Autonomous robot taught to play with NanoLEGO

Scientists from Germany have developed an artificial intelligence system that autonomously learns to capture and move individual molecules using a scanning tunneling microscope. This method, published in Science Advances, is relevant not only for research but also for new manufacturing technologies such as molecular 3D printing.

The rapid and economical production of prototypes or models, better known as 3D printing, has long established itself as an important tool in the industry. If this concept could be translated to the nanoscale so that individual molecules could be joined or separated again like LEGO bricks, the possibilities would be almost limitless, given that there are about 1,060 possible types of molecules, explains Dr. Christian Wagner, ERC Working Group Leader on molecular manipulation at Forschungszentrum Jülich.

While the scanning tunneling microscope is a useful tool for moving individual molecules back and forth, it always takes a special “recipe” to guide the microscope tip to position the molecules in a spatially targeted manner. This method cannot be calculated or deduced intuitively since mechanics at the nanoscale is too volatile and complex. After all, a microscope tip is not a flexible grip, but a rigid cone. The molecules simply adhere slightly to the tip of the microscope and can only be placed in the desired location using complex motion patterns.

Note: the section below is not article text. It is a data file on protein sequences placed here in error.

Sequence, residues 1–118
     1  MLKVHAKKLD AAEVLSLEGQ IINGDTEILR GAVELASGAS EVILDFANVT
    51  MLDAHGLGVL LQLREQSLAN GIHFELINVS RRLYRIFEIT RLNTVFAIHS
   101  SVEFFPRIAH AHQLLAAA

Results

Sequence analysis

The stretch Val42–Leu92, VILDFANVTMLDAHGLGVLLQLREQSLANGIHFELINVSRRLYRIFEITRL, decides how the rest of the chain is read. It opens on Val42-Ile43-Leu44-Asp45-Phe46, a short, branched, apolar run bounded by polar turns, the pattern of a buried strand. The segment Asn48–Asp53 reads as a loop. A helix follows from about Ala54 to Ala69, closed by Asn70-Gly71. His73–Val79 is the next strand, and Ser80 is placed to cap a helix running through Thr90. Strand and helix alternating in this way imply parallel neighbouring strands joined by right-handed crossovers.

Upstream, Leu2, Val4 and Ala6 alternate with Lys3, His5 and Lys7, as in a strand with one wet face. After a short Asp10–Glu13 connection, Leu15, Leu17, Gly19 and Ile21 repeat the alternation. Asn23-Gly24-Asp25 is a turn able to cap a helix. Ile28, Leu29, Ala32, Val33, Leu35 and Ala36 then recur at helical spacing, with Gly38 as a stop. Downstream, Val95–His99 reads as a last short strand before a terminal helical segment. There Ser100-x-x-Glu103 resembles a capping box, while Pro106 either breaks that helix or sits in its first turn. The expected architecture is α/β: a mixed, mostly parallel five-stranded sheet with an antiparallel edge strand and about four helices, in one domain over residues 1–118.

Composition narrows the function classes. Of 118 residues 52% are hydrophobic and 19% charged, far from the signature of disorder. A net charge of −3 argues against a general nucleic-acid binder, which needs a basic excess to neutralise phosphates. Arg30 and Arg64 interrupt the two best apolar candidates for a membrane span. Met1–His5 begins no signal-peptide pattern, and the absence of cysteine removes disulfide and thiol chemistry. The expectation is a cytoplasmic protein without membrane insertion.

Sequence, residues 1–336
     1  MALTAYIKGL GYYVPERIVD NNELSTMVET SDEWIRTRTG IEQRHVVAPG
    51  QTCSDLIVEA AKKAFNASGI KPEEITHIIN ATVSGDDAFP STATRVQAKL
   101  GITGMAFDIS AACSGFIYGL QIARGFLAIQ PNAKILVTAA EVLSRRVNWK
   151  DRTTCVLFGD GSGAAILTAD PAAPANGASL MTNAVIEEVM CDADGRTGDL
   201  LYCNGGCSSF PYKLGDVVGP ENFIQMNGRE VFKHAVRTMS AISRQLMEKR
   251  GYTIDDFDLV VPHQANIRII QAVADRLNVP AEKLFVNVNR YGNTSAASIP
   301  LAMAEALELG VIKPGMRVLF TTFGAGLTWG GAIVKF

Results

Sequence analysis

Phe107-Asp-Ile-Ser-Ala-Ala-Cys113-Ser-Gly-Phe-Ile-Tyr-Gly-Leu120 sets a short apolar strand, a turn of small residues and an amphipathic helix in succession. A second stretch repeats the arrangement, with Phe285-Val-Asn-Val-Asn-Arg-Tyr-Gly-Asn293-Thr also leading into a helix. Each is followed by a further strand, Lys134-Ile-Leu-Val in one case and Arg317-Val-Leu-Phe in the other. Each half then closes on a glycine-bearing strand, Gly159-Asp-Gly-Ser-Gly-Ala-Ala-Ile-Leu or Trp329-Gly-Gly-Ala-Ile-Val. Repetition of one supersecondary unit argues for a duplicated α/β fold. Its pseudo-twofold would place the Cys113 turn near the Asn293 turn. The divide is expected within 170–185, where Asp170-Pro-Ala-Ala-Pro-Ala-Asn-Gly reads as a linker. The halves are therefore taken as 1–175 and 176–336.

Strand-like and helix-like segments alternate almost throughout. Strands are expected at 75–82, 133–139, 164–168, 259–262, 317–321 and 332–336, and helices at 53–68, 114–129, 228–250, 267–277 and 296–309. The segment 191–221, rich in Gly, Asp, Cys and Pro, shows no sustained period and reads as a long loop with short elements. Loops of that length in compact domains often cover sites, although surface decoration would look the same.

Artificial intelligence was tasked with removing individual molecules from a closed molecular layer. To do this, a bond is first established between the microscope tip (top) and the molecule (middle). The AI ​​then tries to remove the molecule by moving the tip without breaking contact. Initially, the movements are random. After each pass, the AI ​​learns from experience and gets better and better.

In our case, the agent was tasked with removing individual molecules from the layer in which they are held by a complex network of chemical bonds. To be precise, these were perylene molecules, such as those used in dyes and organic light bonds that emit diodes. The particular problem here is that the force required to move them must never exceed the bond strength with which the tip of the scanning tunneling microscope attracts the molecule, otherwise the bond would break. Therefore, the tip of the microscope must follow a special pattern of movement that we previously had to literally detect manually.

Christian Wagner, Doctor and Head of the ERC Working Group on Molecular Manipulation at Forschungszentrum Jülich

While the software agent over time develops rules that determine which movement is most promising for success in a given situation and, therefore, gets better with each cycle.